Politics

Opinion: De Blasio created tale of three cities with lack of Hispanic leadership

Mayor Bill de Blasio might as well hang an “Aquí No Se Habla Español” sign on City Hall’s front door.

This is supposed to be “our” time. New York City’s population is one-third white, 29 percent Hispanic, 25 percent black, and 19 percent Asian, according to the most recent U.S. census. Our numbers are growing so fast, Univision is the highest Nielsen-rated television network in the metropolitan region.

But Latinos are still denied a seat at the table, a fair share of resources, and jobs despite the election of a supposedly progressive mayor, who studied Latin-American politics at Columbia University, speaks Spanish, and supported the Sandinista movement in Nicaragua. 

Posted online this month, a 36-page report that the city Department of Citywide Administrative Services submitted to the U.S. Equal Employment Opportunity Commission on Sept. 25, paints a black-and-white picture of de Blasio’s hiring patterns since becoming mayor.

Unfortunately, this report only categorizes the data by general government function. Unlike his predecessor Michael Bloomberg, de Blasio has yet to publicly produce a workforce report that would provide a detailed demographic breakdown by individual city agency.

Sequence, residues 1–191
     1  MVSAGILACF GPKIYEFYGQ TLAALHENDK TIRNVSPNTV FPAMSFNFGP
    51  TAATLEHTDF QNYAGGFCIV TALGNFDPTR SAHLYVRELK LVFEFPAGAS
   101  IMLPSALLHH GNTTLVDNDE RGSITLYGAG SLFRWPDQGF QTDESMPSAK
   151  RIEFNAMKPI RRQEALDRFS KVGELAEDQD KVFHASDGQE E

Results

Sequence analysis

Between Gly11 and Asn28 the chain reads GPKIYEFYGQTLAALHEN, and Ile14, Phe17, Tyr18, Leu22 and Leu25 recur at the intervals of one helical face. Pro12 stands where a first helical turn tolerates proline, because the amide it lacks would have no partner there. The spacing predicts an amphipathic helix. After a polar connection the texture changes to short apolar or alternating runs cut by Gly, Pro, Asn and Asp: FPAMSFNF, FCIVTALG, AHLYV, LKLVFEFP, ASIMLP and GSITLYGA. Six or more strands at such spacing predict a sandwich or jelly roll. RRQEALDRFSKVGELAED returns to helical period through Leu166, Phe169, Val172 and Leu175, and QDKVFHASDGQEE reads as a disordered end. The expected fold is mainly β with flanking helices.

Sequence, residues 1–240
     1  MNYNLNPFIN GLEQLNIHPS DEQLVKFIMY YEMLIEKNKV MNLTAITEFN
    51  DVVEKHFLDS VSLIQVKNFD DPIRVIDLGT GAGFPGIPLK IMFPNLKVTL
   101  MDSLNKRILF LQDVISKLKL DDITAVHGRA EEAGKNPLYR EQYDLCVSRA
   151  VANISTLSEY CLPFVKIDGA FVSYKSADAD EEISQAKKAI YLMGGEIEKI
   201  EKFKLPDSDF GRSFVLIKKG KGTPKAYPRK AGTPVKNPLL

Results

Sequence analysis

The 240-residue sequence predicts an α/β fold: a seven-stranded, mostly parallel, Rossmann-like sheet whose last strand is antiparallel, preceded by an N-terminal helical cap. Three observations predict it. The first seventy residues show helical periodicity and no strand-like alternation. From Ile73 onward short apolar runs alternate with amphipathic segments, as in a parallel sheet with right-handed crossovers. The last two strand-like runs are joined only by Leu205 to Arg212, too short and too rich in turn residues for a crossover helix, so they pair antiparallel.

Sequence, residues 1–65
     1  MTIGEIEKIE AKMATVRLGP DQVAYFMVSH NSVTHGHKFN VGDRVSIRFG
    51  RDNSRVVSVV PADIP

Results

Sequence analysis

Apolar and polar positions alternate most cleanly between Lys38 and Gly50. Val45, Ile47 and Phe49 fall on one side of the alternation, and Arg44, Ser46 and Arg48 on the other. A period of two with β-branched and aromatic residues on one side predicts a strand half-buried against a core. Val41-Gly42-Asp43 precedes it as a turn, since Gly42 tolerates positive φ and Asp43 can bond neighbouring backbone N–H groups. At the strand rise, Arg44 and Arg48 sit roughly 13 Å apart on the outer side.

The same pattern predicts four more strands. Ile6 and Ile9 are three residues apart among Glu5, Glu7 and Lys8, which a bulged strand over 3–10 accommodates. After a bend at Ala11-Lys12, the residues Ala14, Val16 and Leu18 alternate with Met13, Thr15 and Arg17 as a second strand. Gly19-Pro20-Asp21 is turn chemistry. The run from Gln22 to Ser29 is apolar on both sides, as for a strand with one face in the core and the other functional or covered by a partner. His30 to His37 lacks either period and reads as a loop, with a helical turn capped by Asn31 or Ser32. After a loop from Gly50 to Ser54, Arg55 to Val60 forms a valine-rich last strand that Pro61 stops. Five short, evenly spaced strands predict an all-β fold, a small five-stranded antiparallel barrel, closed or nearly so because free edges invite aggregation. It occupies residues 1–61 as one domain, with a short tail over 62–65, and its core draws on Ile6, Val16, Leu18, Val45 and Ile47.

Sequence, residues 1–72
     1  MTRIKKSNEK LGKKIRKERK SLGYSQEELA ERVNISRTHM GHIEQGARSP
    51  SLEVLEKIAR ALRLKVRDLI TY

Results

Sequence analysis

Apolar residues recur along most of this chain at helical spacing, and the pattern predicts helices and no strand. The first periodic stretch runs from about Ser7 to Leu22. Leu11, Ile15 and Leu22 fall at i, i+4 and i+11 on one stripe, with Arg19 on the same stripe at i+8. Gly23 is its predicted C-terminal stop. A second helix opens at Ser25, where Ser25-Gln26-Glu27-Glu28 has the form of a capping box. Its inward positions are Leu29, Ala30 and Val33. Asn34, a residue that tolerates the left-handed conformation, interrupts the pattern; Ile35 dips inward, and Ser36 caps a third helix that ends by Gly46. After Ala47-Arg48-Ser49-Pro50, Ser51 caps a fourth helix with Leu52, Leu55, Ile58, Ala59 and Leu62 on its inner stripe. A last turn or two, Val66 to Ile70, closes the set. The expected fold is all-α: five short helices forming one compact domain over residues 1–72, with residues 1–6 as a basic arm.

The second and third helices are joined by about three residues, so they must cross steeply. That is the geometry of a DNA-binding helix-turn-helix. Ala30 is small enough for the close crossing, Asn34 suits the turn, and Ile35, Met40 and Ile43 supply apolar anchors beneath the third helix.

Hispanic leaders have repeatedly raised concerns about the lack of representation in city government since de Blasio’s 2013 transition. (His transition team was led by a white man and an African-American woman.) The city’s report validates their concerns. Actually, it shows the situation is far worse than they thought. Hispanic workers rank fourth, after whites, blacks and Asians, in de Blasio’s City Hall. Hispanics also rank a distant third in the number of jobs doled out by the de Blasio administration during the mayor’s first full fiscal year, which ended on June 31.

It is clear that the mayor is rewarding the voting bloc that put him in office, and one he needs to win a second term, with nearly half of all the new city jobs he gave out in his first fiscal year: 43 percent of de Blasio’s new hires were black, while 28 percent were white, 20 percent Hispanic, and 9 percent Asian, according to the Department of Citywide Administrative Services. That makes de Blasio’s overall hiring rate of blacks to Hispanics just over 2 to 1.

These jobs are important. Hispanics are the poorest of city residents, according to the Community Service Society’s analysis of census data. The most dispiriting of their recent reports found that 8 in 10 children of Mexican descent live below 200 percent of the federal poverty line.

Well-paying, unionized public-sector jobs would go a long way toward lifting Hispanic individuals, families and communities out of poverty. Additionally, these jobs increase an individual’s eligibility to get a mortgage and become a homeowner.

Yet Hispanics filled merely 14 percent of the new agency professional staff jobs that pay $70,000 or more a year. Thirty-three percent went to whites and another 33 percent went to blacks.